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May 2006

Note: this exercise will seem pointless to the vast majority of people that view it. To them we say: "have another bag of Cheezits and surf somewhere else".

There are millions of two-foot parabolic dishes on rooftops around the world, gathering weak satellite signals so that everyone can watch 500 channels of foolishness. At the spring and fall equinoxes (equinoxi?) the sun passes directly behind the satellite and messes up your picture for a few minutes, right around lunch time but you're either at work or too busy eating that In-and-out burger to notice. The dish is made of cheap galvanized steel, then painted in a dull gray to minimize how much solar energy it reflects (low reflection coefficient), otherwise the low noise block would be roasted twice per year and probably fail.

What would happen if that dish actually had a higher reflection coefficient? We decided to see what happens when you chrome a scrapped dish (millions have been abandoned), to create in essence a 24 inch diameter magnifying lens. It took Nu-chrome three tries to plate the sucker but the end result was definitely worth four pictures of Mr. Jackson. Couldn't have done it without cheap help from Mexico!!!

Here's a picture of the Microwaves101 lab assistant with our new toy. Who wants to see more pictures of her, when we have hardware that is far more interesting?

Now let's take it out in the yard at noon. Sit by the pool, relax, and find the focal point on an unfortunate two-by-four... hey, what's that smell? At 1 kilowatt/m2 power density, we now have the ability to gather and focus 300 watts onto about one square inch. Nice!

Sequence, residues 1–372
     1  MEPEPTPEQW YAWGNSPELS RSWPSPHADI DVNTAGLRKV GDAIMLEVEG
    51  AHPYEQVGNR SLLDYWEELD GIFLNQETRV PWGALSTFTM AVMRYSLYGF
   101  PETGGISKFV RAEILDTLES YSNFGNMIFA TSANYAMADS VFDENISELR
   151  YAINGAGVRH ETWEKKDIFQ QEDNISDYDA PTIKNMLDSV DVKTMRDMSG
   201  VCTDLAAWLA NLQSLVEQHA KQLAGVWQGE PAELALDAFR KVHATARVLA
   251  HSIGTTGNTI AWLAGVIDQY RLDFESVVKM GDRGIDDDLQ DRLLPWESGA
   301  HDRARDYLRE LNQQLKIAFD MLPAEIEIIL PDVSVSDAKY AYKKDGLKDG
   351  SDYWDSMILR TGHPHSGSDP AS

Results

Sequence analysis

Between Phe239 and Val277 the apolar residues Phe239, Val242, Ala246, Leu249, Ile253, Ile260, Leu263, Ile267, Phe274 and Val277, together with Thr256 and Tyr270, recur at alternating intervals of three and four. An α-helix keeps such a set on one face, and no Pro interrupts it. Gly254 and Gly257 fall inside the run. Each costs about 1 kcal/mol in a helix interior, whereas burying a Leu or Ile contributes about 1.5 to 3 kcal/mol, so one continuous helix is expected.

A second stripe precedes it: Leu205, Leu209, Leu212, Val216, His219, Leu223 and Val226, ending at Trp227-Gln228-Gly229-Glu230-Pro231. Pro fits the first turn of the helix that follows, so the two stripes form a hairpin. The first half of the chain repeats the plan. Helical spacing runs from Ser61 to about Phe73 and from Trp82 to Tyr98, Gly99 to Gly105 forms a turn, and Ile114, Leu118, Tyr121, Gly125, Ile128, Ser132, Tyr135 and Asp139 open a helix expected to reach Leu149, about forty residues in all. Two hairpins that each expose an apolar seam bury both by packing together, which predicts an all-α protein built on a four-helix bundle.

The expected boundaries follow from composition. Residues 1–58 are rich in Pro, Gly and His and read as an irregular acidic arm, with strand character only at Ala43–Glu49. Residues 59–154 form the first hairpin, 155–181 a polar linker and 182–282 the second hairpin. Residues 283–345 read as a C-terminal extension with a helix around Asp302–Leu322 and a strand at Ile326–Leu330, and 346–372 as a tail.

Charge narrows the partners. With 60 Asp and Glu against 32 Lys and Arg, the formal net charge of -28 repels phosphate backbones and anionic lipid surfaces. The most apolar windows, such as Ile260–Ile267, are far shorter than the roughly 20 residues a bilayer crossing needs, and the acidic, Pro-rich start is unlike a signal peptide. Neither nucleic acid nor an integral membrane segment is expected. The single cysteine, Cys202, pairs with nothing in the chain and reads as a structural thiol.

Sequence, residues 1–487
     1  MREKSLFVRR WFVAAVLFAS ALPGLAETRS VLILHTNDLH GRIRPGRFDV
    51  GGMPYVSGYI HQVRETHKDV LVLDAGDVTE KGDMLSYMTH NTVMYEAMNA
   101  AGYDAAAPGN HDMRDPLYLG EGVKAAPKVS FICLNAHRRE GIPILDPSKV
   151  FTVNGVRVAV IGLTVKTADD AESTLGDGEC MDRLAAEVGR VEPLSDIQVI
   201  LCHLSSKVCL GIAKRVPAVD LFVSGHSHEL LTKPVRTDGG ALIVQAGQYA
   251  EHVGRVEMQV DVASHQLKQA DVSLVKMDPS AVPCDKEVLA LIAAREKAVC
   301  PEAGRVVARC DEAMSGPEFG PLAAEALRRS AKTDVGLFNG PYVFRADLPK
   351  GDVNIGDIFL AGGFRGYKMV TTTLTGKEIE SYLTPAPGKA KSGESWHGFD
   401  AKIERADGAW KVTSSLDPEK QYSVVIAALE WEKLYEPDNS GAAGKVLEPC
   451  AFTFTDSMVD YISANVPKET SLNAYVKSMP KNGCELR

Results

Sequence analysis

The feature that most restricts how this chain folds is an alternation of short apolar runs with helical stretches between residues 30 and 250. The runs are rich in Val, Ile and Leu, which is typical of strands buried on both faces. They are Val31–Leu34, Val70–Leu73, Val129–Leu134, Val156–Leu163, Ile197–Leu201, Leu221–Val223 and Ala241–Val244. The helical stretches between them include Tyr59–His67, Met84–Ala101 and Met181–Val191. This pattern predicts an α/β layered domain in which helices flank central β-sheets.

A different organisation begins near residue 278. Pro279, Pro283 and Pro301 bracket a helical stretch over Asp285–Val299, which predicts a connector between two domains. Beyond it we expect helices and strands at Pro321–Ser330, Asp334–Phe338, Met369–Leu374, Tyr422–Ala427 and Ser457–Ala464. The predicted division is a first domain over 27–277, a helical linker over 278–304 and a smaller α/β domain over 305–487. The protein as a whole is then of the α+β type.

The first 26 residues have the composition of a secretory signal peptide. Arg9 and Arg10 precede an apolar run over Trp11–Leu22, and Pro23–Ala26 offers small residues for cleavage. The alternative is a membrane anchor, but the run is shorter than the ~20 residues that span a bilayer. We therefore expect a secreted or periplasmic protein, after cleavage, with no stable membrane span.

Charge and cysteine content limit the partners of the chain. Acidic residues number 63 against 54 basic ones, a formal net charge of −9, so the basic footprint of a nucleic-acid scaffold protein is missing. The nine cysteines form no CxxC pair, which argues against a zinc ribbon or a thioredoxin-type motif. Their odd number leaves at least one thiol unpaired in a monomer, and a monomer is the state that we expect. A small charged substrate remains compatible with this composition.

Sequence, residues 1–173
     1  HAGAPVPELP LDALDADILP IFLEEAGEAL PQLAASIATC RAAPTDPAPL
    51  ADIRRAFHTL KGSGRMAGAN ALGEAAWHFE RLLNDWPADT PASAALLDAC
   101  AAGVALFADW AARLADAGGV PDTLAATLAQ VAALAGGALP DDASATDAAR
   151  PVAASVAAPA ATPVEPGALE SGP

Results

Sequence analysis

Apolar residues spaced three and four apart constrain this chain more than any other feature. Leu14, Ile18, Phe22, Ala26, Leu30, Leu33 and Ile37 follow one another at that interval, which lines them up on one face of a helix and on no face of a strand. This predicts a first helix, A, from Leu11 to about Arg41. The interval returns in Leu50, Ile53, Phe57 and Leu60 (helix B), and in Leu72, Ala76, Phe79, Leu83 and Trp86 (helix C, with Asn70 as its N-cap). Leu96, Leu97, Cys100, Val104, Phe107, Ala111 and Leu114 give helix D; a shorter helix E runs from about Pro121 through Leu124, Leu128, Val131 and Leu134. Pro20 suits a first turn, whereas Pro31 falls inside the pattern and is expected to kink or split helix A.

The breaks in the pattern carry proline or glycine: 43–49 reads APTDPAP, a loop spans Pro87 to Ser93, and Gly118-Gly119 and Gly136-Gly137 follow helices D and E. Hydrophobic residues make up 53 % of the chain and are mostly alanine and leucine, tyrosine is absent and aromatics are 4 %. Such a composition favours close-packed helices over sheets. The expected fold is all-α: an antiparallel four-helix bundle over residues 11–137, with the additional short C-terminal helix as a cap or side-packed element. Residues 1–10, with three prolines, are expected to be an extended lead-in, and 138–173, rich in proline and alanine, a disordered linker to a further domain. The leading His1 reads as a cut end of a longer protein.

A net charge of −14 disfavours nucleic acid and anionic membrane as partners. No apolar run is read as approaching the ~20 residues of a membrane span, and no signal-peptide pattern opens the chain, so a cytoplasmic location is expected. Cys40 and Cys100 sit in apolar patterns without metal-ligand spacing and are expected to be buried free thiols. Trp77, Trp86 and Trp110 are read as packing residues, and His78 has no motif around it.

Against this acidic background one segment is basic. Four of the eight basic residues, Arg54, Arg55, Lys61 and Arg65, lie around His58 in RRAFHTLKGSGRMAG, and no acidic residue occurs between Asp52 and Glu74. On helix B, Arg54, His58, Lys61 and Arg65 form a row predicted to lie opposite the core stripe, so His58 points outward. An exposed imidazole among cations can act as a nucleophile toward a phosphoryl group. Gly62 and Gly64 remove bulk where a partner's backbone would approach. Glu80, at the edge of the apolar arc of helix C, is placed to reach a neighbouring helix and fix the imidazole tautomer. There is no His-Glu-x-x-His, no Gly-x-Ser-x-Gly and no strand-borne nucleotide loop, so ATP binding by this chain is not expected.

Let's see what's going on on the other side... guess we need to consider that smoke will be attenuating the power density a little bit.

Yup, that's flames! We've won the bet.

We now have a directed energy weapon to use on marshmallow terrorists. Little Osama is going to wish he stayed in his cave. Let's let the next few pictures speak for themselves, think of it as a "peep show".

We consider this project a complete success.

Some people have asked, "why didn't you just attach aluminum foil to the dish and save yourself eighty bucks?" To them we say, "we wanted the maximum reflected power, foil would have had wrinkles, and you can't put a price on a good time!"

Guess we'd better store this little project face down somewhere...

Check out the Unknown Editor's amazing archives when you are looking for a way to screw off for a couple of hours or more!

 

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